from Follow the Money

Can David Rosenberg out-Roubini Roubini?

October 30, 2006

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Nouriel “If you are going to be a bear, might as well be a grizzy” Roubini has a bit of competition.  Merrill’s David Rosenberg now puts the odds of a recession at up to 80%

“HSBC, US Bank ... now pegs the odds of a recession at 75 percent, and Merrill Lynch ... says that recession odds could be as high as 80 percent.” 

(hat tips: Andrew Samwick for the grizzly quip – I love it; and  the Mess than Greenspan Made for Merrill's current US call, which presumably is confirmed behind the Barron’s firewall).

Roubini is still (officially) at 70% and (unofficially) at 100%.  Any doubts -- check out the titles of his last ten blogs.   Merrill hedges a bit with “could be” as high as 80%.  But Merrill is still taking a rather bearish view for a company with a bull in its logo that has long branded itself as “bullish on America.”   

I always thought of the Merrill bull as an equity bull.   But maybe the Merrill bull is a bond bull?

Rosenberg – and the rest of the interest rate team at Merrill – aren’t shy about the market implication of their call on the US economy.   Buy Treasuries.   Merrill – via Bill Cara -- thinks the 5 year bond will fall to 4% in the fourth quarter of 2007.

I would put Merrill (and apparently) HSBC as the most bearish of all the big economic research shops.   UPDATE: BNP Paribas belongs here too ...

Goldman has some bearish tendencies, but right now is a bit less bearish on the US than Merrill and bullish on the BRICs (and on the possibility of global decoupling).

Morgan Stanley is schizophrenic.  Roach is finding it hard to sustain his unnatural bullishness of this spring.  Berner is still optimistic.  Jen too.  

Citi is pretty bullish, last I checked.

"In our judgment," writes DiClemente [Citi’s chief US economist], "growth pessimists have oversold the potential for declines in housing wealth but also have underestimated the broader health and sustainability of the current upturn." He notes that consumer spending is showing "continued resilience." 

And Bank of America is also fairly bullish ….

"The Fed described the scenario in which they're very comfortably on hold," said Mickey Levy, the chief economist at Bank of America. "Moderate pace" represents a drop to "below-trend-like growth, but not any kind of hard landing; not a sharp slump" (more from BofA here)

Incidentally, the q3 BEA data suggests that a slowdown in the US was combined with a quite large current account deficit.   Stephen “the current account deficit has peaked” Jen might want to take note.    

A $805b (annualized) trade deficit plus a $80b (annualized) transfers deficit and a $20-40b (annualized) income deficit works out to a current account deficit in the $905-925b range, or around 7% of US GDP.    That is back at the q4 2006 level.    The transfers deficit is pretty much a straight line forecast, the income deficit is my estimate … but it is an informed estimate.

What happened?  Shouldn't a US slump help reduce the US deficit?  

A few things are worth highlighting …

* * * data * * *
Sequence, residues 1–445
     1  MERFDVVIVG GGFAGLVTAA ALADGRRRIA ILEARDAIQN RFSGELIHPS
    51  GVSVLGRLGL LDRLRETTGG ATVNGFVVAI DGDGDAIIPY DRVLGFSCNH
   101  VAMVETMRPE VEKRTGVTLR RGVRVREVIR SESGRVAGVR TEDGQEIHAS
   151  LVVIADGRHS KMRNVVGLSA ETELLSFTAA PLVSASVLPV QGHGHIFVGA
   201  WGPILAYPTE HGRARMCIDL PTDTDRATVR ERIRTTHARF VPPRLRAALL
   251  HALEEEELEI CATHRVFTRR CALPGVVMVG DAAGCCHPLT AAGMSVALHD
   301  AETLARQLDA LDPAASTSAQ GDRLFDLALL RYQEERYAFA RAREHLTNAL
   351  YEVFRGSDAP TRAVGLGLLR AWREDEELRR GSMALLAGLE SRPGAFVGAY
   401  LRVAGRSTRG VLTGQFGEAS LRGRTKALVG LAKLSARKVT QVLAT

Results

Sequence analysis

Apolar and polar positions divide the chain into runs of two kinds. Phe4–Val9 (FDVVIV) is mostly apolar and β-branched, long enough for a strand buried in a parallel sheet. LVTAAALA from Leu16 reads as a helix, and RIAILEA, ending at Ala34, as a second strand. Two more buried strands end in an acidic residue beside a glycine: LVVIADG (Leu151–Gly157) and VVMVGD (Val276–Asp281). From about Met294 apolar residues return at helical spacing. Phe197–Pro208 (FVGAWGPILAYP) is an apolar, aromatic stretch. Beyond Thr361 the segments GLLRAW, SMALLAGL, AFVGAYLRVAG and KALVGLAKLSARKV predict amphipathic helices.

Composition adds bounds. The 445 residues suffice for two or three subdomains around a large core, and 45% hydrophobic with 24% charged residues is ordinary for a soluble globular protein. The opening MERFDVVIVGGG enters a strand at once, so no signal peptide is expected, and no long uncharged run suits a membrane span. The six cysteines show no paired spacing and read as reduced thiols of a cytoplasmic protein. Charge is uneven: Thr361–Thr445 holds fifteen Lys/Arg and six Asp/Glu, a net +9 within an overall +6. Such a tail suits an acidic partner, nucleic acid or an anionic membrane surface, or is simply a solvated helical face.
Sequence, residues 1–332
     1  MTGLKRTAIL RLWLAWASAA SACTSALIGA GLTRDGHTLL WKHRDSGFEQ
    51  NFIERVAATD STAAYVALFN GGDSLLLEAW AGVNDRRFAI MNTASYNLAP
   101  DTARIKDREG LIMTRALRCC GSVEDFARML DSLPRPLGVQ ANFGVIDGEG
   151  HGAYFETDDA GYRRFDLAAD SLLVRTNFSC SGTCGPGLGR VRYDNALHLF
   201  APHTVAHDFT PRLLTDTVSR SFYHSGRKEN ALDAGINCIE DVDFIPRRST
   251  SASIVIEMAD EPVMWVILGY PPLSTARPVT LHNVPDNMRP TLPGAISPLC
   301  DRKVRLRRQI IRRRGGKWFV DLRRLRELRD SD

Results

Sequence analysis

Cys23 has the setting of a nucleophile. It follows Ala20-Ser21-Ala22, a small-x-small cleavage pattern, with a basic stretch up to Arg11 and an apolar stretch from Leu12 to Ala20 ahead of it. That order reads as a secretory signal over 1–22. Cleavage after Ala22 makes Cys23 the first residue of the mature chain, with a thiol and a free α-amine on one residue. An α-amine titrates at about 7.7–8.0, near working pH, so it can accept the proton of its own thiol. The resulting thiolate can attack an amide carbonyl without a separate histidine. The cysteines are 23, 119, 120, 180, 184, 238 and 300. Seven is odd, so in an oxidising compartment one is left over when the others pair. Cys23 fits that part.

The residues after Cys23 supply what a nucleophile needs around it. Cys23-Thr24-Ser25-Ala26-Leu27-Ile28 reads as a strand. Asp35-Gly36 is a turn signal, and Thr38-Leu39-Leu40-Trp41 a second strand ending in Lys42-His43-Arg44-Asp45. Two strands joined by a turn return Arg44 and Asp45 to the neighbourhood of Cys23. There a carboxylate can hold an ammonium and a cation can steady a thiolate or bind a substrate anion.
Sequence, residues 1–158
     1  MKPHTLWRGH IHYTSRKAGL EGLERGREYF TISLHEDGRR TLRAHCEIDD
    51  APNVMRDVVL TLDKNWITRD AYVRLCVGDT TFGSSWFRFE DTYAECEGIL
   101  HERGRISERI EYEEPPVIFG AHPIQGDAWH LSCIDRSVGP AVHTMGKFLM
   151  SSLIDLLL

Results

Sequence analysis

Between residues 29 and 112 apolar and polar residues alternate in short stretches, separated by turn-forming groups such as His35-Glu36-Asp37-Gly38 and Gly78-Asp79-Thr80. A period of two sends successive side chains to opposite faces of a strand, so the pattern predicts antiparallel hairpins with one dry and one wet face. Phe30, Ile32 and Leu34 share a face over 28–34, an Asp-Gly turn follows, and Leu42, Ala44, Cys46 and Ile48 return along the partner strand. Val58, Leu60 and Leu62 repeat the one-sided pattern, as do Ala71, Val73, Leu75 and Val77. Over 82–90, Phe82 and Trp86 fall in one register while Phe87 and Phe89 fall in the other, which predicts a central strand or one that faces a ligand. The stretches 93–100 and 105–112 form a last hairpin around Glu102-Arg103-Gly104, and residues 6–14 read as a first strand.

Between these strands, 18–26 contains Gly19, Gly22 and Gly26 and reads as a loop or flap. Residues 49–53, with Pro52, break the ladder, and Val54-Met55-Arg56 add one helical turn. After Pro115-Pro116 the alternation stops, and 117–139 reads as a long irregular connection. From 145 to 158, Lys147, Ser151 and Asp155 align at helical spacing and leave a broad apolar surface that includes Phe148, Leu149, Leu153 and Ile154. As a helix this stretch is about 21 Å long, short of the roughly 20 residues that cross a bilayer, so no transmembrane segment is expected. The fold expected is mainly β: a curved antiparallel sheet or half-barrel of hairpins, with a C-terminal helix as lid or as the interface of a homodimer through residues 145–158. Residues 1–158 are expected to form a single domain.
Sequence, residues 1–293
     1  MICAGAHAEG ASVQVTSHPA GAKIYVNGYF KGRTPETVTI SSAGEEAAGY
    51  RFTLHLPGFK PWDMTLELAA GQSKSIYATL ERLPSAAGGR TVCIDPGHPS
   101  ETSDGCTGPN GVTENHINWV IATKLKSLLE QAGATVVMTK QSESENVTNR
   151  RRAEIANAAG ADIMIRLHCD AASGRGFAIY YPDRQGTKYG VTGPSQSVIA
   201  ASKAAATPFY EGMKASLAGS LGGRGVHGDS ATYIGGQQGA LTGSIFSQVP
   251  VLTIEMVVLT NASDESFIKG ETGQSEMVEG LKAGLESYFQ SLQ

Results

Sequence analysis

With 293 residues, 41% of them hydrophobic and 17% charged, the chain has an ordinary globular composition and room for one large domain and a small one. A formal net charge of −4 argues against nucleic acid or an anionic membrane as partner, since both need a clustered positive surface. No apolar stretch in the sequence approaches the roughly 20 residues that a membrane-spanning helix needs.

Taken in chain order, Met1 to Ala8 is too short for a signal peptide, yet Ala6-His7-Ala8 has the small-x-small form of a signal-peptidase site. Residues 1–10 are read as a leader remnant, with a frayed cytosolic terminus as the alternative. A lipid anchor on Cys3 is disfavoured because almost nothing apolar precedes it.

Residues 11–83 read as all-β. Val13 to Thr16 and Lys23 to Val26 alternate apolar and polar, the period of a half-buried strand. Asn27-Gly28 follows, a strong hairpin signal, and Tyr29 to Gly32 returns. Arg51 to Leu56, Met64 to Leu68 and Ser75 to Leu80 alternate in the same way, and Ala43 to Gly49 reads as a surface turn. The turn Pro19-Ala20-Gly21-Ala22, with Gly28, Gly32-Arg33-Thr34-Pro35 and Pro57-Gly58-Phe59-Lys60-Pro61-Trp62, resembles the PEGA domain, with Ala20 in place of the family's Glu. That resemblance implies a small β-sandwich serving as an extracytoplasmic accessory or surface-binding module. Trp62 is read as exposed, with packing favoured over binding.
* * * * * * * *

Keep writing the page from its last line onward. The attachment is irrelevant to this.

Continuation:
• The US is flying into a real headwind – a rising income deficit requires a falling trade deficit to keep the current account deficit constant …. In q3, the trade deficit increased, and I suspect the income deficit will rise as well. 
  • A fall in investment (as in q3) only helps bring investment in line with savings if savings stays constant.  Judging from the natoinal accounts, national savings rather clearly fell in q3 … that is how consumption growth was able to exceed income growth.
  • So long as the investment slump – in this case one centered around residential investment – doesn’t spill over into consumption, there isn’t good reason to think the trade deficit will fall.  The bullish case for 2007 in effect rests on strong consumption growth, falling US savings and a rising trade deficit.   The bearish case expects the housing slump will morph into a consumption slump, which should lower the trade deficit -- and help to keep the current account deficit constant in the face of the income balance headwind.
  • If you prefer to look at things from a more micro point of view rather than a savings and investment point of view, I suspect homes have a lot more US (and Canadian) content that most goods Americans purchase these days.   Especially computers and, increasingly, cars.
  • The US will get a bit of help from lower oil prices in q4, but it the q3 uptick in non-oil imports continues in q4, it won't be much help.   And to continue to get help in 07, oil needs to fall further.

Judging from q3, sustained consumption growth and a “sudden stop” in residential investment isn’t a recipe for a fall in the US current account deficit so much as a recipe for further falls in the US savings rate  …

UPDATE:  I left one of the most bearish shops of them all ... BNP Paribas.   Richard Iley from the comments section:

 "At BNP Paribas, we have been calling for a 'hard landing' in the US economy since mid-summer and were warning that the housing boom was likely to begin to unravel via the biggest residential construction bust for fifty years at least since the end of 2005. As of July this year, we had the lowest end-2007 Q1 Fed Funds forecast on the 'street' of 4.5%. And we expect a 'hard landing' - which we define as five quarers of below 2% annualised GDP growth - rather than full-bloodied recession only because we expect such a nimble response from the Bernanke Fed to the mounting evidence of the corrosive deflation now emerging in the housing market. And our end-2007 Fed Funds forecast of 3% is comfortably the lowest of the 22 primary dealers."

BNP Paribas may out-Rosenberg Rosenberg! 

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